Confusion, Willful Ignorance or Deception: the case of the Oromia Special Interest
This article by no means endorses the recently announced proclamation with the name “Special Interest of Oromia”. In fact, the proclamation is probably the only proclamation that belittles the fair demand of Oromos and undermines the bloods of the Oromo children sacrificed for it.
This article tries to clear the deliberate ill-characterization of the principle of the Special Interest. In this article, I would like to help some of the genuine non-Oromos who have the capacity to have a civil discourse and have the ability to accept bitter facts, at most with a grain of salt. Some of these people are in a very panic mode because they are confused with the basic principle of what an “Oromia’s special interest” is. First, let us be clear that the question of a special interest is different from constitutional rights (freedom of speech, movement, expression, assembly….). These rights are for all human beings, regardless of his/her race, origin and other individual factors. Any non-Oromos have and should have the full right to own a land, do a business, ….as long as he/she abides with the state and federal laws. Second, let it be known that the question of a special interest neither directly benefit individual Oromos nor harm other nations.
Making Afan Oromo a working language in Finifine city is a right but NOT a Special Interest. To give a credit, most of the pro UNITY parties like Kinijit have already accepted and included the Oromo’s language question in their political agendas. Changing the names of some of the squares and streets in Finfine into their original names are a historical justice but NOT a Special Interest. Opening schools in Finfine (land of Oromia) is a constitutional right but NOT a Special Interest. To be honest, by creating such kind of schools in Finfine, other nations will benefit more to equally compete in a labor market and businesses across the country. Business minded non-Oromos shall even push this policy for its rapid implementation.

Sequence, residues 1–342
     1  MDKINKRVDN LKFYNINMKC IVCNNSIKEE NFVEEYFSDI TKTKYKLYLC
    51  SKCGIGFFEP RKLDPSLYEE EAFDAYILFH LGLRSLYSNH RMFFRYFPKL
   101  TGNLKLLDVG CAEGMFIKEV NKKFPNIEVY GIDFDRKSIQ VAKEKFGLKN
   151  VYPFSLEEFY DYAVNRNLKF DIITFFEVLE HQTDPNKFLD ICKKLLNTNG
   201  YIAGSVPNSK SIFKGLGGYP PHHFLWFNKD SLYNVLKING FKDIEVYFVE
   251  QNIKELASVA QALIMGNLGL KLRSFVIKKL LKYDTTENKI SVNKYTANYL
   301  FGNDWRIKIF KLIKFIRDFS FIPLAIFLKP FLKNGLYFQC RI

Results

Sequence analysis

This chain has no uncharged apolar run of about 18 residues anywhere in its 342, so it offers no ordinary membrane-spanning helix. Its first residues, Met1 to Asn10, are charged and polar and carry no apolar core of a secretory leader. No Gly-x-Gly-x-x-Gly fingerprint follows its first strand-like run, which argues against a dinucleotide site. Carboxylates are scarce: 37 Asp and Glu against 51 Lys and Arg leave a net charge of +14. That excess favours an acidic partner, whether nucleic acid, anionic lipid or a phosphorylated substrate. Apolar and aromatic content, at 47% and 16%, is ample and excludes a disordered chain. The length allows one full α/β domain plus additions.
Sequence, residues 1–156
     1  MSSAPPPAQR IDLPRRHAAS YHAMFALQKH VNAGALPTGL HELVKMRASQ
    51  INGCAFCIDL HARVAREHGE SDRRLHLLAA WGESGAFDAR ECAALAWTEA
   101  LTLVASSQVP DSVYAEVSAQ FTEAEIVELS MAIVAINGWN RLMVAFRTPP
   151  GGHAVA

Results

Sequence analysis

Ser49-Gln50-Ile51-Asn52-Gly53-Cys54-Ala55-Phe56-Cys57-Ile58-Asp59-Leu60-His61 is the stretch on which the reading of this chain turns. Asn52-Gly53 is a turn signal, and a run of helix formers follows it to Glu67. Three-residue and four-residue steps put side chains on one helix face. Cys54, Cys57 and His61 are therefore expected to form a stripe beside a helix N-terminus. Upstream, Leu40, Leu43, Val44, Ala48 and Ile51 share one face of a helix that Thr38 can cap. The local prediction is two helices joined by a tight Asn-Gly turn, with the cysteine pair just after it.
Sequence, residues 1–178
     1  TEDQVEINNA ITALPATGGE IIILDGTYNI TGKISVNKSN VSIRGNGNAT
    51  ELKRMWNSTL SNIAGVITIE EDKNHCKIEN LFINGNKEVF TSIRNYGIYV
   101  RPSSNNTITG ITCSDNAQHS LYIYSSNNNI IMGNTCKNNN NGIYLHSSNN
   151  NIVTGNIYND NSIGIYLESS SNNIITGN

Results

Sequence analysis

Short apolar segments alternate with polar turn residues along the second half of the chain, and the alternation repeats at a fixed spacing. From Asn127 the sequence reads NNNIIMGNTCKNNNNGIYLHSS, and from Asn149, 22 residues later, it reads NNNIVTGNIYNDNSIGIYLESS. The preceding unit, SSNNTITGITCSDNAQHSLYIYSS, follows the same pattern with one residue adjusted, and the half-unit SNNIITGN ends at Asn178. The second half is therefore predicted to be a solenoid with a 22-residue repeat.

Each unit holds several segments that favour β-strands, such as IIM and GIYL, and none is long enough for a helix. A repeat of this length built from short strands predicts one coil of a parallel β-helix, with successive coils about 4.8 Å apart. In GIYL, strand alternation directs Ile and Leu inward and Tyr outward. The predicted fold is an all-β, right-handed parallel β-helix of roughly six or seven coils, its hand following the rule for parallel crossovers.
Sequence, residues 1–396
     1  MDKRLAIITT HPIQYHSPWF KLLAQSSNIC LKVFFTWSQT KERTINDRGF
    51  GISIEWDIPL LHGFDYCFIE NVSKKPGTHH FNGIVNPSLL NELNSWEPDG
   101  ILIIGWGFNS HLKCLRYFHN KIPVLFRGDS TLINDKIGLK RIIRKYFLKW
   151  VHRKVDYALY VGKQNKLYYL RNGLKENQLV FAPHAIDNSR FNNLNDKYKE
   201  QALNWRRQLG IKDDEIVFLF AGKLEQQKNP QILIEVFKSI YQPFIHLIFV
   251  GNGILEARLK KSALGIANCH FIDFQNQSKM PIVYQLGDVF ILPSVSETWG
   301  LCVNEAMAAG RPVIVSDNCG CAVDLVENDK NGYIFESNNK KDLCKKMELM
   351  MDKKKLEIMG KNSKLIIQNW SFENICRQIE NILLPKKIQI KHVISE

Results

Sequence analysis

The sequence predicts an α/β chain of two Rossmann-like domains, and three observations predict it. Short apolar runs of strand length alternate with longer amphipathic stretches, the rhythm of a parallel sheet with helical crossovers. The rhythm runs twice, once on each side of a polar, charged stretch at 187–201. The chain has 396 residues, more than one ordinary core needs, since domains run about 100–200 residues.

In the contrary, failure to accept the above facts and rather terrorising ordinary citizens with a bloodshed because Afan Oromo is about to become a working language in Finfine; because the street names and areas like Merkato, piazza are going to be changed into their original Oromo names is nothing but having a huge problem with Oromos and having an Oromophobia. Sorry, we have a little patience and skill to cure such kind of phobia.
However, It is good to come to a consensus that there is a big difference between a special benefit for Oromo and Oromia. The original aim of the so-called special interest is for Oromia, which means everyone who lives in Oromia will benefit from it. For example, whatever the fair share Oromia gets from the city of Finfine, Oromia (NOT an individual Oromo) will use that income to invest in various development activities and in restoring the damage (being) caused by the city and its residents. The beneficiaries from these various projects are ALL citizens living in Oromia. In fact, the person who benefits more could be the non-Oromos.
As it is the case in other countries like Canada, USA and Germany, some States deserve a special treatment or benefit, depending on the circumstances. For example, Oromia may collapse if things go as it is being run under TPLF regime unless something is done (of course, the lasting solution is to remove them from a power). However, even without TPLF, the Oromia land is carrying a huge burden to feed and support the country. Because of the demography, geography, natural resources and economic reasons, Oromia is carrying a huge burden and needs attention!!! The fact that Oromia gets its fair share, doesn’t hurt anyone but rather benefits the entire people who resides in it at least and the country at large.
Therefore, let it be known that supporting the principle of the Special Interest should be the duty of ALL citizens as it benefits not an individual Oromo but the entire nations in Oromia and Ethiopia.
Abdii J Mohammed, Jawar Mohammed, Hola G. Irrenso, Tullu Liban, Solomon Ungashe, Daraara Daadhii, Dereje Atomsa, Ogessa Durii, Leta T. Bayissa, Letu Bushan, Gutu Olana